“Phase 1”

the first phase of clinical trial testing in humans for a new drug compound or treatment to evaluate its safety, determine a safe dosage range and identify any common side effects. Phase 1 trials are normally conducted on a limited number of subjects. Subjects for Phase 1 trials are commonly healthy volunteers rather than patients

“Phase 2”

the second phase of clinical trial testing for a new drug compound or treatment, conducted if Phase 1 trials have progressed satisfactorily. Phase 2 trials are intended to assess side effect potential and some measures of efficacy and dose response with respect to a particular indication or indications in patients with the disease or condition under study

“Phase 3”

the third stage of clinical testing, conducted to determine whether a new drug compound or treatment can be granted regulatory approval for distribution and sale. Phase 3 trials involve a larger group of patients and take place after obtaining preliminary evidence of efficacy and are intended to help determine risk, benefit and appropriate labelling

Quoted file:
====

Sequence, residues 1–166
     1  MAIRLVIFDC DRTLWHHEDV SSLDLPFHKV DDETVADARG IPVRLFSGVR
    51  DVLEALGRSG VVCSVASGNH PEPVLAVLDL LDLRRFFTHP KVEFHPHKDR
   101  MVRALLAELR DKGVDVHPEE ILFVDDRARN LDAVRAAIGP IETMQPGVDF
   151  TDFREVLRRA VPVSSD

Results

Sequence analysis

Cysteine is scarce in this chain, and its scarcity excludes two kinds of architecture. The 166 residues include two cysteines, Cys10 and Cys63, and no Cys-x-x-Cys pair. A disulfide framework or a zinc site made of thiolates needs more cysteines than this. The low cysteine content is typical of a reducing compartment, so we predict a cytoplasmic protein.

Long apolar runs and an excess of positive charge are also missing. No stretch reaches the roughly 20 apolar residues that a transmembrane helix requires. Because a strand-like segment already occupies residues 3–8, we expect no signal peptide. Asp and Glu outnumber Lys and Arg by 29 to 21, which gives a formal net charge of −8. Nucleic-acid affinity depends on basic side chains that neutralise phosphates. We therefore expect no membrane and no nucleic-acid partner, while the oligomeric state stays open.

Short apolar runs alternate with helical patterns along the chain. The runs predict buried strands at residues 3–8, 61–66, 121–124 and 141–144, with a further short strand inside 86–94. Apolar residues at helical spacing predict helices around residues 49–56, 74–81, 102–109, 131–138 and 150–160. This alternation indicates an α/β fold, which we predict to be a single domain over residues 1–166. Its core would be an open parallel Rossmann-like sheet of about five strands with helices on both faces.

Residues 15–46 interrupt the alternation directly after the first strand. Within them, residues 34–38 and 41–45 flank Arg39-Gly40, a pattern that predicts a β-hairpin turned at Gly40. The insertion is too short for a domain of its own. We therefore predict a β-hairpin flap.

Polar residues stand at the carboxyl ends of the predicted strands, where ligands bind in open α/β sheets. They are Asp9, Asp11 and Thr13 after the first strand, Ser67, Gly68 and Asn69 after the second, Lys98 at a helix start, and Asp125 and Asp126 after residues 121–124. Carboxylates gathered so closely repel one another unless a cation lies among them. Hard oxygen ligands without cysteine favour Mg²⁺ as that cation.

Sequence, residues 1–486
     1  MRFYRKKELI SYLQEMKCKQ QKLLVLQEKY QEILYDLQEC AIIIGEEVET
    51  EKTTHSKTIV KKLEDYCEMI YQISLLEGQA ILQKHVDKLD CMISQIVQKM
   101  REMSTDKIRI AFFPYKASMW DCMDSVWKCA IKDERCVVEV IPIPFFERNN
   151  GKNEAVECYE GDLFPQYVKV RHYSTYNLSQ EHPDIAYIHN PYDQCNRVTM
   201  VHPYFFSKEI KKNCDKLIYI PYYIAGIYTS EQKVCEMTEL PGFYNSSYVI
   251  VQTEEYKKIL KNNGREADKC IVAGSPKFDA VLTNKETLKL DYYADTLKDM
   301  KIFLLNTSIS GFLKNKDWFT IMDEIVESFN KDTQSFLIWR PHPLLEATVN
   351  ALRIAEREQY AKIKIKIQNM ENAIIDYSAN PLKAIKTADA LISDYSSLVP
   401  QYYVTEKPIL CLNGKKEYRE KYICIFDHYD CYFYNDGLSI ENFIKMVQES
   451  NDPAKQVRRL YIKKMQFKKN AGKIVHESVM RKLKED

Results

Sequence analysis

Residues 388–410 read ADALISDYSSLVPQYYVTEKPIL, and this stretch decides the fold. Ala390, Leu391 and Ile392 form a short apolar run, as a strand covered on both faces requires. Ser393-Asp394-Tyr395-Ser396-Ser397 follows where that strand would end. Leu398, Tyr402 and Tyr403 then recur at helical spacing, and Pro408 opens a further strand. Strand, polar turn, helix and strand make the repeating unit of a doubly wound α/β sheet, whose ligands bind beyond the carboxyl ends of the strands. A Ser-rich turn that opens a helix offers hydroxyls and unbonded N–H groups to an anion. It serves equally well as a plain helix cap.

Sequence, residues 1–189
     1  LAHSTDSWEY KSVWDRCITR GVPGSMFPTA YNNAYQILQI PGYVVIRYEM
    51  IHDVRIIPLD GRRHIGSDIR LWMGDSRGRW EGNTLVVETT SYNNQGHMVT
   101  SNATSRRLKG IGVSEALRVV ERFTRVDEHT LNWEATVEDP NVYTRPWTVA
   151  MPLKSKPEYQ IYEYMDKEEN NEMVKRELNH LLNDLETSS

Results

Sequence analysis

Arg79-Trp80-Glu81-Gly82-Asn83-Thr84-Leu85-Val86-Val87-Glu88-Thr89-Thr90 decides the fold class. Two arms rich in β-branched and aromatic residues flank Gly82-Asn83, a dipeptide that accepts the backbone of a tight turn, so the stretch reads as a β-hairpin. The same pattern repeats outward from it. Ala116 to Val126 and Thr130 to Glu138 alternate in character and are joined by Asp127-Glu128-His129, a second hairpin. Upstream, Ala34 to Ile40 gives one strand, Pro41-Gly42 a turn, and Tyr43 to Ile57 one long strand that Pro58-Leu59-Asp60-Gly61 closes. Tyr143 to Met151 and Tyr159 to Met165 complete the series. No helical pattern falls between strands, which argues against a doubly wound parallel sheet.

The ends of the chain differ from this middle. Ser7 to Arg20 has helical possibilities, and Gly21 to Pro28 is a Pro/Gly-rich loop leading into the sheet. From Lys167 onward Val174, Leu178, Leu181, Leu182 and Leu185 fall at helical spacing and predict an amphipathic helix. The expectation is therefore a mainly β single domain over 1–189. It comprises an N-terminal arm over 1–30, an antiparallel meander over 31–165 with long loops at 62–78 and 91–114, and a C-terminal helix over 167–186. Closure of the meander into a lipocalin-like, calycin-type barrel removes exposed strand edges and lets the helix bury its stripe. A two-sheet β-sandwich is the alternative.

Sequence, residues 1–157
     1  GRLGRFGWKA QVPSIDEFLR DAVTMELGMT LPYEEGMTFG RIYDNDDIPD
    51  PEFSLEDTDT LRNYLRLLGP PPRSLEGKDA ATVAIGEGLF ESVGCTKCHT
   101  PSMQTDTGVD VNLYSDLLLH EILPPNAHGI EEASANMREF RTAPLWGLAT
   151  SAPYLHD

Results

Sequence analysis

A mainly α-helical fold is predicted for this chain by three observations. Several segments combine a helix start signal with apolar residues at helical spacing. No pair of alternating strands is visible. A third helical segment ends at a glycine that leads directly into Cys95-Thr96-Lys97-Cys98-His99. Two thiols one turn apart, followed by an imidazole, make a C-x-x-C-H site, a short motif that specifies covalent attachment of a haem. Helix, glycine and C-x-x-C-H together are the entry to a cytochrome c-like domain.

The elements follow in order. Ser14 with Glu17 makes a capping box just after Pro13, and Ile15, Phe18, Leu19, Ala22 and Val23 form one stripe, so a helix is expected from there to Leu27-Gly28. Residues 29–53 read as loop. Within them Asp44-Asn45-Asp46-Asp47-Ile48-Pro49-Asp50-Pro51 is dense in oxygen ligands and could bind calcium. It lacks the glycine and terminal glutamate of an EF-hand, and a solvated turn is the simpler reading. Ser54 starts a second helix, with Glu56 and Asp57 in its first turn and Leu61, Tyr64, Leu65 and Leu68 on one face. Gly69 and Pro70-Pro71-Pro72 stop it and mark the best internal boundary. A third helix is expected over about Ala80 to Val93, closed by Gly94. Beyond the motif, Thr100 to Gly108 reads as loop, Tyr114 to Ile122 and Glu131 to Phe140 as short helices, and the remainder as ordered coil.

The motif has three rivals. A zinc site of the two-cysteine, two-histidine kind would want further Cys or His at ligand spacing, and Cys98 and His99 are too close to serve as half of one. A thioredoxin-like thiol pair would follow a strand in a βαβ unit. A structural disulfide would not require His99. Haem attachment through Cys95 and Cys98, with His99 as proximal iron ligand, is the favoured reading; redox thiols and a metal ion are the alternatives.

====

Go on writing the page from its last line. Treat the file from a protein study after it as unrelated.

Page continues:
“Pouchitis”

pouchitis is the inflammation of an ileal pouch, a reservoir for bowel contents made out of small bowel. This is created in the management of ulcerative colitis patients who have undergone surgical removal of the large bowel (colon) in a procedure called colectomy and ileal pouch anal anastomosis, or IPAA. Patients often experience a poor quality of life with uncontrolled urgent bowel movements, which can be more than 13 stools or more, day and night with bloody diarrhea and mucus in stools